Spring clean your life


By Emily Delzell

Published On: Apr 30, 2020

Last Updated On: Apr 4, 2022

A deep clean of the home that sweeps out dust mites and removes other potential allergens is undeniably good for people with eczema. It’s not just your living space, however, that can benefit from cleansing and clearing away things that no longer serve you well.

A mental spring clean can lighten your mood and help calm stress and anxiety that can trigger flares, while a nutritional rejuvenation can boost the immune system and skin health. Here, three experts offer eczema-centric tips and strategies for renewing your home, diet and mind.

Clean the home

 Dust mites, pet dander, mold and pollen, which commonly trigger eczema, asthma and allergies, are major targets in your spring clean campaign, according to Dr. Thamiris Palacios-Kibler, an allergist-immunologist in Chesapeake, Virginia.

“It’s also a good time to consider strategies for keeping allergen levels low throughout the year,” she said. Along with the tips below, Palacios-Kibler suggested twice-weekly vacuuming and dusting.

Wear protective cleaning gear:

  • Don long sleeves and pants, and always wear gloves. Choose cotton gloves if the chore won’t wet hands for extended periods, which can cause irritation. For work that has hands in and out of liquid, wear powder- and latex-free vinyl or neoprene gloves. Layer cotton gloves underneath to absorb sweat (another irritant). Put on a dry pair if the cotton gets damp while you clean.

Use the right tools:

  • Use fragrance- and dye-free products or make your own cleansers using combinations of vinegar, baking soda, lemon juice and water (see “Homemade Cleansers”). Bleach diluted with water is also nonirritating for most people with eczema, according to Palacios-Kibler.
  • Use microfiber cleaning cloths and mops. They attract more dust than cotton or paper towels and are better for the environment.
  • Invest in a vacuum cleaner with a small particle or HEPA (high-efficiency particulate air) filter. It traps tiny particles of dust, pet dander and other allergens that many vacuums recirculate into the air.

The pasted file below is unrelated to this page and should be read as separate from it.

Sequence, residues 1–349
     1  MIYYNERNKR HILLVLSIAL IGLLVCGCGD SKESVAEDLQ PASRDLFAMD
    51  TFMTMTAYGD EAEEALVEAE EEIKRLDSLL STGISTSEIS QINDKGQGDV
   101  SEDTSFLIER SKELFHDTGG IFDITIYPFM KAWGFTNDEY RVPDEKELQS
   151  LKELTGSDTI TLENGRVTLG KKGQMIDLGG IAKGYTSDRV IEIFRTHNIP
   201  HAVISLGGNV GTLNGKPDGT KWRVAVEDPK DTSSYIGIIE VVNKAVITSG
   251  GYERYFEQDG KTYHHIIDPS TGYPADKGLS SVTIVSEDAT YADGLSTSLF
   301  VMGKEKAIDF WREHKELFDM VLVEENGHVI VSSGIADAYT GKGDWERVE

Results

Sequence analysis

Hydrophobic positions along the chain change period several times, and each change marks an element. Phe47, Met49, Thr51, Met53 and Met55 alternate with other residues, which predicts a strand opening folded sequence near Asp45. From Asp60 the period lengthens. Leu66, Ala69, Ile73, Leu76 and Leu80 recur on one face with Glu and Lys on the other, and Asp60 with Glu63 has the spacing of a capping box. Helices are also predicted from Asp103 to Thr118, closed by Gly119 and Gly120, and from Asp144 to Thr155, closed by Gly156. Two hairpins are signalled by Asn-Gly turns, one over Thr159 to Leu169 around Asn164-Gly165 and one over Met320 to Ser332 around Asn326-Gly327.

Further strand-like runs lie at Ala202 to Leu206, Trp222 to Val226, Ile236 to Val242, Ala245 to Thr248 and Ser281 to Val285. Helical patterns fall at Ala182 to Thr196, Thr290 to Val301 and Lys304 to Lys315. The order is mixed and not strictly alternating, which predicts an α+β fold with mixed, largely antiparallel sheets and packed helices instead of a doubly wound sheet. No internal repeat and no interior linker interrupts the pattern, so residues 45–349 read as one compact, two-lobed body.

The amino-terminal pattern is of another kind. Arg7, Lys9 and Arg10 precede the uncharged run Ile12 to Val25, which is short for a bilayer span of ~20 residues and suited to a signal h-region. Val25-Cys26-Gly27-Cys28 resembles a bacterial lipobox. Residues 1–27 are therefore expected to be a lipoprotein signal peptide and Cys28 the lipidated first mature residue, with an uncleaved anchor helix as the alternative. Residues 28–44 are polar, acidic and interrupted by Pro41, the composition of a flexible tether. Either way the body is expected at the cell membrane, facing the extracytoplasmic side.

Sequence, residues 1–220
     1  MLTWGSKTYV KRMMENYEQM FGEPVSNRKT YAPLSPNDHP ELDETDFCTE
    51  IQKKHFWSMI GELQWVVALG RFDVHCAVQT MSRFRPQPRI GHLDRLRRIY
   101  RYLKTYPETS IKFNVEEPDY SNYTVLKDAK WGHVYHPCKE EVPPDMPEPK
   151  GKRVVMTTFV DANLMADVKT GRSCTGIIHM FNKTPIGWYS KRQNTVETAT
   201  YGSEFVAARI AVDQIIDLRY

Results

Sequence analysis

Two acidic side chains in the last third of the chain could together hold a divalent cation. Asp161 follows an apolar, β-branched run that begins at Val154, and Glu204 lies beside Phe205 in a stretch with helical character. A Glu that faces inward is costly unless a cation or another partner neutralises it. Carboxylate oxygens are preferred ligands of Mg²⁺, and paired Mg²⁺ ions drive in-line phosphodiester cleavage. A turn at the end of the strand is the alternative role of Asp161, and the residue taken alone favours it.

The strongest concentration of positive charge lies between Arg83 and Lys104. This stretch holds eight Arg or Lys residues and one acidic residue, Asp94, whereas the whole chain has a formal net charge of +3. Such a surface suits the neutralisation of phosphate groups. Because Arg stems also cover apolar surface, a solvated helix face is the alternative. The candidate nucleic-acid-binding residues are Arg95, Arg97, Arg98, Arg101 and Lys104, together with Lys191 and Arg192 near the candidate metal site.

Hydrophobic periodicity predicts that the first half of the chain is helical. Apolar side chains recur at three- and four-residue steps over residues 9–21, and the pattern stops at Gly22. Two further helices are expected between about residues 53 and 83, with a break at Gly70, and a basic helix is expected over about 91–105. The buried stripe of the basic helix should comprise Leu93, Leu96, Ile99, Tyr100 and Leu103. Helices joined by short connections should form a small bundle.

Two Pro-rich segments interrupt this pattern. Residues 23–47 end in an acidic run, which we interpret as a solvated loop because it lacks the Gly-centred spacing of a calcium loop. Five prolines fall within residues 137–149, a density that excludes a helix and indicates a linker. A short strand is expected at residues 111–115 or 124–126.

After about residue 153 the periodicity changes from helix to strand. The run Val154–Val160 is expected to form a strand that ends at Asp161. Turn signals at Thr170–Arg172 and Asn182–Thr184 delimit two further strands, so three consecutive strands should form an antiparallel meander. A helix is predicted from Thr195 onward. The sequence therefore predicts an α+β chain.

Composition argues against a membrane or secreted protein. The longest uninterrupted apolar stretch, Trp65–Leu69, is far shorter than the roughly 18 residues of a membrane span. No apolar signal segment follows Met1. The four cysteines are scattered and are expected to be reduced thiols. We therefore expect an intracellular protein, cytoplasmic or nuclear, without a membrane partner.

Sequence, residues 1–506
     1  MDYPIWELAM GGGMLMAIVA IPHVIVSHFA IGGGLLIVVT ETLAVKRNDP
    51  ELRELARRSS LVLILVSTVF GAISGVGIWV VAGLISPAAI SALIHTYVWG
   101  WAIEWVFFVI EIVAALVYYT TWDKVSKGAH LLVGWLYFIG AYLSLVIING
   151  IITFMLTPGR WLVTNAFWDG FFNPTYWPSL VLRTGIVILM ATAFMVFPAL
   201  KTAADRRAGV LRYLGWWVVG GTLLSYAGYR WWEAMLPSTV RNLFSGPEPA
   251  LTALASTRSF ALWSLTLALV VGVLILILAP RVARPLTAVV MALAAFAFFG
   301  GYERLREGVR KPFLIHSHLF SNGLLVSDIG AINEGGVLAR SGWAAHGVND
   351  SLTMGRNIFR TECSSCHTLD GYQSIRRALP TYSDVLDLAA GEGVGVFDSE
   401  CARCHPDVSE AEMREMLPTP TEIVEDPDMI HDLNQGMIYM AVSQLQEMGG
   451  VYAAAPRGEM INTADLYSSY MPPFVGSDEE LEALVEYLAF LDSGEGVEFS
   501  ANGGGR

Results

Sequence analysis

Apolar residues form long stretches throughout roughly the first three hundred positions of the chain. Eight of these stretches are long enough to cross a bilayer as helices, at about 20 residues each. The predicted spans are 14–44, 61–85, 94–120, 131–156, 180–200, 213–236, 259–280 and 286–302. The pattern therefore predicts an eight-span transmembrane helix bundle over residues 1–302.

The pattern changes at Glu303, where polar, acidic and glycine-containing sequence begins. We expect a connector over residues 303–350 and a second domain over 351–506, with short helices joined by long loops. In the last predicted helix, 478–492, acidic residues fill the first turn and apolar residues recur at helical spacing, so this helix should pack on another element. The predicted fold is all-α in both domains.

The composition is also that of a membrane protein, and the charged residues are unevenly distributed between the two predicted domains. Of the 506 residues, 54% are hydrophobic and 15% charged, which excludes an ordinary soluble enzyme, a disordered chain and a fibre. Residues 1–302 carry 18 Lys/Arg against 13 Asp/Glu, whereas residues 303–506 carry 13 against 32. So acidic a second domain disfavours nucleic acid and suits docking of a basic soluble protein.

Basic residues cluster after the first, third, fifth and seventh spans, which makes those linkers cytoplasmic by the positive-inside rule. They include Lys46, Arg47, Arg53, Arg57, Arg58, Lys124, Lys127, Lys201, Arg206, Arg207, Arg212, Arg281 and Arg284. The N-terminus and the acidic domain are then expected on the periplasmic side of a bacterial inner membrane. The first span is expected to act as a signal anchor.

Lessen house-wide allergens:

  • Change air filters every three months. Use filters rated at 11 or 12 MERV (minimum efficiency rating value), which remove smaller particles such as pet dander, mold spores and pollen.
  • Use dehumidifiers and air conditioning to draw moisture from the air. “This cuts down on mold and dust mites, which thrive in humid environments,” said Palacios-Kibler. Ideally, home humidity should be between 40% and 50%. Any lower may be drying to the skin.
  • Launder clothes and other items in hot water. Only temperatures 122° F or higher will kill dust mites. Store clean towels and bed linens in plastic bags.
  • If feasible, replace wall-to-wall carpeting with solid-surface floors or washable area rugs and upholstered furniture with leather or wood.
  • Cut down on dust-collecting clutter. “Keep children’s toys and other loose items in plastic storage bins and regularly donate things you don’t need,” Palacios-Kibler said.
  • Wash pets and their bedding weekly and brush them outside. “Keep pets out of the bedroom and designate an area for feeding and play,” she said.
  • Remember to clean blinds and curtains. Dry cleaning, however, won’t kill dust mites, so you’ll need to launder curtains in hot water.

Homemade cleansers

You can make cleansers with water, white vinegar, lemon juice and baking soda. Pour into plastic spray bottles or containers and you’re ready to clean.

  • All-purpose cleaner and disinfectant: Mix two parts water and two parts white vinegar.
  • Scouring cleanser: Mix three parts baking soda and one part water to make a paste for hard surfaces like sinks, toilets, ceramics, aluminum and stainless steel. Add a few squeezes of lemon juice to help dissolve water stains and soap buildup.
  • Fabric softener: To soften and deodorize clothes, fill a bucket with one cup baking soda and a gallon of water, add clothes (and more water if needed) and soak overnight. Launder with your regular detergent.

Nourish the body

Some medical experts believe a diet heavy in inflammatory foods could add to the reaction that underlies atopic dermatitis and other forms of eczema in the immune system. Sugary, fried and heavily processed foods loaded with saturated fat, salt, preservatives and other chemicals are the most common dietary drivers of inflammation.

“Eating foods that cause inflammation can impact proper digestion and absorption of nutrients in the gut,” explained registered dietitian-nutritionist Rakhi Roy Chowdhury, who is in private practice in Orlando, Florida. “When your body is being depleted of vital nutrients, all systems are impacted, including skin.”